# Friday, October 19, 2007

In it's Weekly Source Code, Scott Hanselman presents a new CodePlex project, NDepend.Helpers.FileDirectoryPath from Patrick Smacchia. Nice, better path handling should have been part of the BCL a while ago. 

Path stuff is hard

Path normalization and parsing is not an easy task so when Patrick Smacchia mentions that his code "100% unit-tested", I decided to see if Pex could not find a little bug over there.

A dumb parameterized unit test

So I added wrote the following parameterized unit test, which 'simply' calls the constructor of FilePathRelative. Under the hood, there is some string manipulation done by the library to normalize the path, it should be interresting to see what comes out of this. I also added calls to PexComment.XXX to log the input/output values (Pex will build a table out of this):

    [PexMethod]
    public void FilePathRelativeCtor(string path) {
        PexComment.Parameters(path);
        FilePath result = new FilePathRelative(path);
        PexComment.Value("result", result.FileName);
    }

Ooops

So Pex starts running and soon enough an assert pops up. Pex had just found a neat little path that broke an assertion in the library:

[Test]
public void FilePathRelativeCtor_String_71019_003302_0_05() {
    this.FilePathRelativeCtor("/");
}

Popping up the reports, I went for the parameter table (remember the PexComment calls) that shows one row for each generated test. In fact, the 5-th test that Pex generated was triggering the assert:

Note that "//" also triggers the bug which seems to indicate that any path finishing by "/" will have this behavior.

The path condition

Lastly, I took a quick look at the path condition that Pex solved to discover the bug (see red below). Luckily this one is fairly easy and one can clearly see 'path[0] == '/' in there.

 What did we learn today?

Handling paths is hard :)

Also, we saw that a dumb parameterized unit test (just calling a ctor), could find a bugs. If you use assertions, it will help Pex look for bugs in your code.

posted on Friday, October 19, 2007 1:46:37 AM (Pacific Daylight Time, UTC-07:00)  #    Comments [3]
# Tuesday, October 16, 2007

Update: I will not be at the Seattle Code Camp, too much rescheduling.

I'll be presenting Pex at the Seattle Code Camp in Nov.

Pex – Automated White Box Unit Testing

Parameterized unit testing is becoming a mainstream feature of most unit test frameworks; MbUnit RowTest (and more), VSTS data tests, xUnit.net Theories, etc... Unfortunately, it is still the responsibility of the developer to figure out relevant parameter values to exercise the code. With Pex, this is no longer true. Pex is a unit test framework addin that can generate relevant parameter values for parameterized unit tests. Pex uses an automated white box analysis (i.e. it monitors the code execution at runtime) to systematically explore every branches in the code. In this talk, Peli will give an overview of the technology behind Pex (with juicy low-level .NET profiling goodness), then quickly jump to exiting live demos.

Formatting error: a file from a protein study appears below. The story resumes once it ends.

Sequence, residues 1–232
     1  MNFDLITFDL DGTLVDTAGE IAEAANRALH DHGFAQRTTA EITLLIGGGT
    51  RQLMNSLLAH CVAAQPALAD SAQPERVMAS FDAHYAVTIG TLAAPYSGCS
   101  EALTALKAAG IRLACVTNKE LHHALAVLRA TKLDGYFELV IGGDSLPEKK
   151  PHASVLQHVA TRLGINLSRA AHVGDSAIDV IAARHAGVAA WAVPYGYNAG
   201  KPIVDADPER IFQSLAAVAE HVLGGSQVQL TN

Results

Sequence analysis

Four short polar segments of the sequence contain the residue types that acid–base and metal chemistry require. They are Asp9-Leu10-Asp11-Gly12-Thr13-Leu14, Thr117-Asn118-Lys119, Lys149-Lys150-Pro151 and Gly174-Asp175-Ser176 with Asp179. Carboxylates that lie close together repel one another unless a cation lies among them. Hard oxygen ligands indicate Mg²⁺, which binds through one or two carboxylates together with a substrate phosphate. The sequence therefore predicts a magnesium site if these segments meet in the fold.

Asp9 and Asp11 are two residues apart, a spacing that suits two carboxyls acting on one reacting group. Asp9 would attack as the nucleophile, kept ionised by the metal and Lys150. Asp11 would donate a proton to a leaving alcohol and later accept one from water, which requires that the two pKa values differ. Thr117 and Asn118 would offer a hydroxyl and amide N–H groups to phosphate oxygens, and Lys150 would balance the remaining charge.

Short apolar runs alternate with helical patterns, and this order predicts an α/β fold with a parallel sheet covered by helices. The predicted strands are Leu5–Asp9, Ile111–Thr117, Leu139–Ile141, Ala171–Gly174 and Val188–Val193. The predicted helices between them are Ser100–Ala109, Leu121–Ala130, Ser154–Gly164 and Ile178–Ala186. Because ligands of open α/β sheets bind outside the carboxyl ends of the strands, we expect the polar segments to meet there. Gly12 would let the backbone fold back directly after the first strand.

posted on Tuesday, October 16, 2007 6:36:52 PM (Pacific Daylight Time, UTC-07:00)  #    Comments [0]
# Wednesday, October 10, 2007

When someone is writing a book that contains code snippets, the question of (automatically) keeping those in sync quickly becomes very imporant. There's already lots of different solutions to this problem (every author has probably it's own), here's yet another one for C# that we've developed to author the Pex documentation.

Goals

A couple things that we wanted to acheive with this tool:

  • snippets are always compilable and run as expected,
  • snippets can be full classes, methods or even partial statements
  • simple :)

'#region' based solution

This solution uses the #region directive to define a snippet. The region describe contains the snippet name, which will be used to dump it into a file. For example, given this piece of C#,

...
#region snippet StackExamplePart3
stack.Push(new object);
#endregion
...

Our parse will extract the code in the region and write it to StackExamplePart3.tex, which gets pulled in our LaTeX scripts.

\begin{verbatim}
stack.Push(new object);
\end{verbatim}

That's it?

Yes, you can author snippets that stay compilable and up to date:

  • we can author all the snippets in Visual Studio and we are sure they always compile
  • it's very easy to parse the #region's (left as exercise ;))
  • #region are very flexible in terms what they contain so we can have snippets containing partial methods, statement, etc...
  • the scheme aslo supports nested regions which is usefull when one explains an example line by line, and integrate the entire sample at the end. For example, DeclaringUnitTest is a 'sub'-snippet of UnitTest:
#region snippet UnitTest
#region snippet DeclaringUnitTest
[TestMethod]
void Test(int i)
#endregion
{
   
}
#endregion
  • we can integrate our snippets in unit tests and verify they work as expected
  • the tool can be integrated into the build process as a post-command build

 

posted on Wednesday, October 10, 2007 11:41:32 PM (Pacific Daylight Time, UTC-07:00)  #    Comments [2]